328 pages | 6 1/8 x 9 1/4 | 18 illus.
Cloth 2019 | ISBN 9780812251548 | $79.95s | Outside the Americas £64.00
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A volume in the Middle Ages Series
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"Exhaustively researched, meticulously argued, and beautifully written, That Most Precious Merchandise engages questions hotly debated among historians about how 'premoderns' conceptualized and understood differences between peoples. At the same time, it conclusively demonstrates how the slave markets of medieval Italy and Mamluk Egypt were two branches of a single system."—Debra Blumenthal, University of California, Santa BarbaraThe history of the Black Sea as a source of Mediterranean slaves stretches from ancient Greek colonies to human trafficking networks in the present day. At its height during the fourteenth and early fifteenth centuries, the Black Sea slave trade was not the sole source of Mediterranean slaves; Genoese, Venetian, and Egyptian merchants bought captives taken in conflicts throughout the region, from North Africa, sub-Saharan Africa, the Balkans, and the Aegean Sea. Yet the trade in Black Sea slaves provided merchants with profit and prestige; states with military recruits, tax revenue, and diplomatic influence; and households with the service of women, men, and children.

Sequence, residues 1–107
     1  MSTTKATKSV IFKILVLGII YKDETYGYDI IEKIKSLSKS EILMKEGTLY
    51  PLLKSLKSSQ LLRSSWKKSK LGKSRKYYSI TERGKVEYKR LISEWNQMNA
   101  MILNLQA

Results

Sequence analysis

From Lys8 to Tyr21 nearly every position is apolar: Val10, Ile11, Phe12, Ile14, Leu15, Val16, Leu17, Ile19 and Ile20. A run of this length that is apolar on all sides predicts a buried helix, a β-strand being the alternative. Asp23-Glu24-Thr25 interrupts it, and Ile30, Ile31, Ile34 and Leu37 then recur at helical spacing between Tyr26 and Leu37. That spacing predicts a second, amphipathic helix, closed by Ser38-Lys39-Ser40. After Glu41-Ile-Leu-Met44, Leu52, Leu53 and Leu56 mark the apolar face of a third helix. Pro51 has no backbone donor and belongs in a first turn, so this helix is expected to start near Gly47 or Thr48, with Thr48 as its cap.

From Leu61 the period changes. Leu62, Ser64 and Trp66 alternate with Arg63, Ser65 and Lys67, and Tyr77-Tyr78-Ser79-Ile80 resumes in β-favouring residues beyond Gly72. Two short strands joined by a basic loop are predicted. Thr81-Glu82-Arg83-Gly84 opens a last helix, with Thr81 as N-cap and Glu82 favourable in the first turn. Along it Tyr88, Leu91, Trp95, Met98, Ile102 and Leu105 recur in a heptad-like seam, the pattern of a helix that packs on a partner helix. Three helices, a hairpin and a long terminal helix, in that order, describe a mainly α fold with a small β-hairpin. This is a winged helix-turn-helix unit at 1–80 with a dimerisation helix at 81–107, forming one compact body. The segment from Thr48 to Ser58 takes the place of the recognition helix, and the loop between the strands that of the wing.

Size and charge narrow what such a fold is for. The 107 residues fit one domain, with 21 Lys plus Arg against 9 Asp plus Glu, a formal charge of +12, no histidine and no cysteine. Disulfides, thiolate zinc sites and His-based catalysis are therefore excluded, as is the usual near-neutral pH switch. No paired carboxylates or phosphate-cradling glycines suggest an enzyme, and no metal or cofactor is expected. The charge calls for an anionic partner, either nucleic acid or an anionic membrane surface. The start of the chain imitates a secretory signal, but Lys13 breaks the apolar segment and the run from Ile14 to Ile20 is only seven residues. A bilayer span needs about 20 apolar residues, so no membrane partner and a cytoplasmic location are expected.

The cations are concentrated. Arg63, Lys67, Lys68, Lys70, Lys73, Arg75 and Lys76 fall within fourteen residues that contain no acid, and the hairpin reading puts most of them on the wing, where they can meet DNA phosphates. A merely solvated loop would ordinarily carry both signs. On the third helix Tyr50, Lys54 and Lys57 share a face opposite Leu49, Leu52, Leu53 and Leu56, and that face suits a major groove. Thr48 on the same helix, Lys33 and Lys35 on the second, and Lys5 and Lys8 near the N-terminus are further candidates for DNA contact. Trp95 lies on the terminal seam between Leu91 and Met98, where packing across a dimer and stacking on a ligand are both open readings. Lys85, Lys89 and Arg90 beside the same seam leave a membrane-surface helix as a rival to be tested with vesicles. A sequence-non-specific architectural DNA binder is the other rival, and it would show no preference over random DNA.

Even though Genoa, Venice, and the Mamluk sultanate of Egypt and Greater Syria were the three most important strands in the web of the Black Sea slave trade, they have rarely been studied together. Examining Latin and Arabic sources in tandem, Hannah Barker shows that Christian and Muslim inhabitants of the Mediterranean shared a set of assumptions and practices that amounted to a common culture of slavery. Indeed, the Genoese, Venetian, and Mamluk slave trades were thoroughly entangled, with wide-ranging effects. Genoese and Venetian disruption of the Mamluk trade led to reprisals against Italian merchants living in Mamluk cities, while their participation in the trade led to scathing criticism by supporters of the crusade movement who demanded commercial powers use their leverage to weaken the force of Islam.
Reading notarial registers, tax records, law, merchants' accounts, travelers' tales and letters, sermons, slave-buying manuals, and literary works as well as treaties governing the slave trade and crusade propaganda, Barker gives a rich picture of the context in which merchants traded and enslaved people met their fate.
Hannah Barker teaches history at Arizona State University.